What everybody in the village really wanted was a new village school, but the countywide demands produced by reorganisattion were enormous. There were secondary schools to be built and many old village schools were in a very inadequate state – Walsham le Willows would have to wait.
The Final Years
On 28th October 1952 notice was given that the new school in Beyton was to open for 1953-54. In September 1953 the 13 and 14-year-olds from Walsham would go to the new school, and in the following September 11 and 12-year-olds would join them. At the same time all remaining education in the village would be amalgamated to create a new Junior and Infant School. (From September 1956 most students leaving the Junior school in Walsham would go to yet another new school in Ixworth).
The Junior and Infant School was officially created at the Easter of 1953 but opened properly in its new format on 15th September. There were three classes: Miss Hayward had 26 infants in Class lll, Miss Sharman had 34 7-9 yrs. in Class ll, and Mr Mitchell had 35 9-12 yrs. in Class 1. Life in the new school had moved on, partly as a result of new technology and new teaching ideas, but also because the school was now part of a group of schools all feeding a higher school. The PTA bought the school its first spirit duplicator at a cost of £29; classes were sometimes walked down to the Priory Room, (which blacked out), to see a filmstrip; on special occasions children were taken into Bury St Edmunds to the cinema. In1953 they saw “A Queen is Crowned”, in 1954 it was “The Conquest of Everest”, and in 1958 it was a film about the Russian Ballet, which may not have had quite the same popular appeal! There were football and netball matches against other schools such as Barningham and in June 1958 there was the first Ixworth and District Primary School Sports. The top class did projects on East Anglia and went on field-trips – one day they toured sites in Suffolk and later they did a contrasting tour of sites in Norfolk.
In the June of 1955 an Inspector arrives to assess the effects of the amalgamation and reorganisation. On visiting a school which had a river running through it, he does appear somewhat bemused by the layout and fabric. There are two teaching rooms next to the road, the practical rooms are on the far side of the river, and Class lll is in a completely separate building some way up the road. However he is very positive about the school and its staff describing it as “a happy and efficient school”; reorganisation has clearly eased pressure on the buildings, and he praises the wide use of the local area for teaching. Like any good HMI he is prepared to chide the LEA reporting that “further amenities, such as water-borne sanitation, will no doubt eventually be provided”.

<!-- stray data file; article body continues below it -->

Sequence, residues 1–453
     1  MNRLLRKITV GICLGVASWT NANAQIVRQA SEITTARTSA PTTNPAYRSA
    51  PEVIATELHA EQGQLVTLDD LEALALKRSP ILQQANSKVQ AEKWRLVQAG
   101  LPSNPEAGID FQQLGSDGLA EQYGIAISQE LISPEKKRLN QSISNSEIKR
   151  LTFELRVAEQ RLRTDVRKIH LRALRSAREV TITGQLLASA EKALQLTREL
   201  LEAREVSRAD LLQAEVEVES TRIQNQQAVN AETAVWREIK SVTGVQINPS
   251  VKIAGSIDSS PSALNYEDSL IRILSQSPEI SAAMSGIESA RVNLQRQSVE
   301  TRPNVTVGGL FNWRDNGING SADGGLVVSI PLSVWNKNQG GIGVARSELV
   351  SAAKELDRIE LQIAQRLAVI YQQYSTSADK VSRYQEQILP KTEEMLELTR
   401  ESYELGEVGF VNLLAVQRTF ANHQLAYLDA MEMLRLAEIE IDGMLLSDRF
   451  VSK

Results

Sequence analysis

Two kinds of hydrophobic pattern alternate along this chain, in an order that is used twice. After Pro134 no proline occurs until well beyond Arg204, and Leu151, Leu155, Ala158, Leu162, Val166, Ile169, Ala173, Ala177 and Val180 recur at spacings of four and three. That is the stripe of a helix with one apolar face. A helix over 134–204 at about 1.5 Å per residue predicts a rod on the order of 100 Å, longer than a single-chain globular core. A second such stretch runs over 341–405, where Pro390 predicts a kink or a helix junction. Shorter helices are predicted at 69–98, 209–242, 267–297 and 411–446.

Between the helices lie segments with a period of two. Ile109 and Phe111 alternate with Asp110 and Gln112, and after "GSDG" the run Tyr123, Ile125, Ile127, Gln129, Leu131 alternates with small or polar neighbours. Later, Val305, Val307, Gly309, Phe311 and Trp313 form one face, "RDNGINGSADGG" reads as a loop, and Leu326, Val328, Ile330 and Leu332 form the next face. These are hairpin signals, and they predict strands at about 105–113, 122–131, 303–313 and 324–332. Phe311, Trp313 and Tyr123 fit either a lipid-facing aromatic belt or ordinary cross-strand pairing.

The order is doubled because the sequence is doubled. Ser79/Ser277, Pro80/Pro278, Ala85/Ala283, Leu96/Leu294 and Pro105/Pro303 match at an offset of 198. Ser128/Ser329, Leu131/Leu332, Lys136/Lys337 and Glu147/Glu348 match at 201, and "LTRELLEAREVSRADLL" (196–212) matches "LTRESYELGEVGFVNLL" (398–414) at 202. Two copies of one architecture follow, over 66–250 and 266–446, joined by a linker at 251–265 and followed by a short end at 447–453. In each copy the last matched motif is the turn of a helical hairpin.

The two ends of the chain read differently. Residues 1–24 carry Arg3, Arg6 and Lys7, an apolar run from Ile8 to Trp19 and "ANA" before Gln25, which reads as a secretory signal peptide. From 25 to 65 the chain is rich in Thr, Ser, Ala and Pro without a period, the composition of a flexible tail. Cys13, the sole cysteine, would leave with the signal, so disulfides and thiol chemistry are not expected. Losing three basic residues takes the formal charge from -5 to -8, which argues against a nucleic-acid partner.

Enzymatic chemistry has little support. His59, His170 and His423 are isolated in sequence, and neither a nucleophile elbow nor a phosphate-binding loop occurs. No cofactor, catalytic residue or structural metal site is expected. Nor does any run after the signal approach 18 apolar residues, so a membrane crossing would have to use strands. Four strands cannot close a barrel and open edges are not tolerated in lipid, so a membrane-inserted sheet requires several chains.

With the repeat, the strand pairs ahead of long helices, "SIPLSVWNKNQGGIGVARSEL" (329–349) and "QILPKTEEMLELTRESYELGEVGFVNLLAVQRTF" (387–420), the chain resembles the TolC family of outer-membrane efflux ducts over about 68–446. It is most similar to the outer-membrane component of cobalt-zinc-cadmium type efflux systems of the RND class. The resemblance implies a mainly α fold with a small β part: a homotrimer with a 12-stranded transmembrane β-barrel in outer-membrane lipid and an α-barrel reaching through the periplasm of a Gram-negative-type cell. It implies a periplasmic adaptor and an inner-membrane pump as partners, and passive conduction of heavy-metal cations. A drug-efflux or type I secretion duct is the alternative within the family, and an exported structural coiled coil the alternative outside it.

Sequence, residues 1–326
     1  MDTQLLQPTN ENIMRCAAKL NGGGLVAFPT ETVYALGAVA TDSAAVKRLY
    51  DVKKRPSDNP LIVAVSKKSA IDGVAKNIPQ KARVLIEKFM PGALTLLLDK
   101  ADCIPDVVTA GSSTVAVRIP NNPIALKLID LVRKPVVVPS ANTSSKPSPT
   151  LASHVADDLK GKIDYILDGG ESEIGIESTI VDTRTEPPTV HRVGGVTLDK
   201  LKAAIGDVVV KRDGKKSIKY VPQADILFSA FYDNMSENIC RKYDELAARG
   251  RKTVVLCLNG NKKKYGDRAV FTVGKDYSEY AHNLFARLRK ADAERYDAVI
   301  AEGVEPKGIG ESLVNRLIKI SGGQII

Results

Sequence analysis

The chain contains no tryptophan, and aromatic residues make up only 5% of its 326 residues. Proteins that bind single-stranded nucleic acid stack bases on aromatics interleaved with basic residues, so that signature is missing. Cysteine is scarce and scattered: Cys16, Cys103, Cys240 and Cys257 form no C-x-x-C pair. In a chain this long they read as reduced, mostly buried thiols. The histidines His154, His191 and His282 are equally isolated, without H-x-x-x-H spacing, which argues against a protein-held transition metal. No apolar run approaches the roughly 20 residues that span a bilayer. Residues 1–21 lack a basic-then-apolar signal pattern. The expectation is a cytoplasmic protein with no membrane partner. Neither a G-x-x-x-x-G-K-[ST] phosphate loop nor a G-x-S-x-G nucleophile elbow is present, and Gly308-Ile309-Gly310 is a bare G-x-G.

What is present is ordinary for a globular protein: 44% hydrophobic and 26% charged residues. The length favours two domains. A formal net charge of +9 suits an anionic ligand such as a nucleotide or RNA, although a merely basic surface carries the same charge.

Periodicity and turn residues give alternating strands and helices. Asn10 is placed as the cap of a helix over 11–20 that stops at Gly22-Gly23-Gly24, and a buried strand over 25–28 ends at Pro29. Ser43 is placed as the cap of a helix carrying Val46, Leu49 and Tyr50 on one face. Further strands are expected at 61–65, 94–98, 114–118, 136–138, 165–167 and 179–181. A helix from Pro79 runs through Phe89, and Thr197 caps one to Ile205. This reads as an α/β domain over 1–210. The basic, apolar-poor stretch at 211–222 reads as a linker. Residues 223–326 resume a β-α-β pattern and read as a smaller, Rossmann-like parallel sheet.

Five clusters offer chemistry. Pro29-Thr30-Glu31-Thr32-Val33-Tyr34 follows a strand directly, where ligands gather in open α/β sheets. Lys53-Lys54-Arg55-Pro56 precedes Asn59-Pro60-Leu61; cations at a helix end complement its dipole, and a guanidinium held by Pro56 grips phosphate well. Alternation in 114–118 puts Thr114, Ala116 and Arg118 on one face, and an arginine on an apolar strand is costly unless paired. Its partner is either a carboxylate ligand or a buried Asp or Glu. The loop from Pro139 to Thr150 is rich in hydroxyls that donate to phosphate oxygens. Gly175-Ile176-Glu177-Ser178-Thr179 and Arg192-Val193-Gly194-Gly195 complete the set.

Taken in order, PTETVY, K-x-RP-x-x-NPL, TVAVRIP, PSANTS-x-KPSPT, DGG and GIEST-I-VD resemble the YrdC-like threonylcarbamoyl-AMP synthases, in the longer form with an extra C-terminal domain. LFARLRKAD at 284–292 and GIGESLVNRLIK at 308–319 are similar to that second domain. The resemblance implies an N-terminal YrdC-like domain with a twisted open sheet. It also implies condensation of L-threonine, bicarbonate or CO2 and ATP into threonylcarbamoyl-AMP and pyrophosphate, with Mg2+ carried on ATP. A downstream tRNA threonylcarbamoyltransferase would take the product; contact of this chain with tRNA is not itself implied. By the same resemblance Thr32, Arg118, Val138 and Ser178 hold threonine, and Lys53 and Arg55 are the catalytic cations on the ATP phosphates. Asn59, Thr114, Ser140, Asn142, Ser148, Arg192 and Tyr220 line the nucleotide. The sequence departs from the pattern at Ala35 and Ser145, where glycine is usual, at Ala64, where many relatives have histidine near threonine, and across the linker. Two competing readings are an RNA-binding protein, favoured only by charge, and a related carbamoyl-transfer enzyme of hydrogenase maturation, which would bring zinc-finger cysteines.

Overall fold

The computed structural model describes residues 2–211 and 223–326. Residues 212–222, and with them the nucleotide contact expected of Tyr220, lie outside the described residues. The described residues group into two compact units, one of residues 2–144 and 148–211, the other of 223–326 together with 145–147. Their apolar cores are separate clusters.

Getting these buildings to approach anything resembling modern standards was clearly very difficult. Absenteeism was often very high and could reach 50%; in 1953 the Head thought “that the annual epidemics were caused by unhealthy living conditions and lack of piped water and sanitation”. At the time water mains were being laid in the street and he wanted the school to be connected, but when this happened the plumbing consisted of little more than a cold water pipe and a sink. It is amazing to read that on November 24th 1961 “a consignment of Elsan closets has been delivered, 13 in all, to replace buckets and wooden seats now in use in both infants and junior departments”. In February of the next year workmen were laying sewers through the playground.
People began to feel the end was in sight. In 1959 the Managers were asked to think about where in the village a site of 1 3/4 acres might be found which would be suitable for a new school. The choice was very limited and focus soon turned to a meadow at the bottom of Wattisfield Road. In February 1961 the Managers are presented with plans of the new school, but a year later they are told that building work has been postponed because schemes elsewhere have priority; the arrival of the Elsans has obviously pushed Walsham down the list. Eventually building does take place and 1965 becomes the year of the big move. During the Whitsun half-term holiday pupils go into school to help staff with packing; on June 23rd new furniture is delivered, and on the 25th lines of children are helping the Head-teacher to move boxes and books along the road to the new site.
On 28th June 1965 children gathered on the old school site for the very last time. “the children assembled at the old school and after a short talk by the Headmaster concerning arrangements there and conduct on arrival, we made our way to the New School in Watisfield Road, where, despite the intense excitement a little work was done!” The new school held its Official Opening Day on 14th December 1965.
- Bury Record Office:- County Directories, Census Returns, School Log Book
- Managers Minute Book, Punishment Book
- Walsham History Group notes and cuttings
- Dr. Lois Louden re; History of National Society
What the Papers Said
Bury Free Press
‘Mr H.F. Hine formerly headmaster of Walsham School Boys School returned to the United States last summer and is stopping at Yale University to complete his B.D. degree. He was ordained to the ministry of the Episcopal Church and has been appointed Dean of Trinity Cathedral in Omaha and chaplain of the hospital in that city.’
‘Mr V. Swift who has for some time ably occupied the position of Headmaster at Walsham Boy’s School, has been appointed to a position in the Council Boy’s School in Newmarket.
Since Mr Swift has been in the village he has made many friends who will regret his leaving.
He is a thorough sportsman and has been secretary of the Walsham Cricket Club. He was also choirmaster and organist at the Church. He thanked his friends at a farewell party in the Vicarage when he was presented with a pocket book and a purse containing 11 guineas.’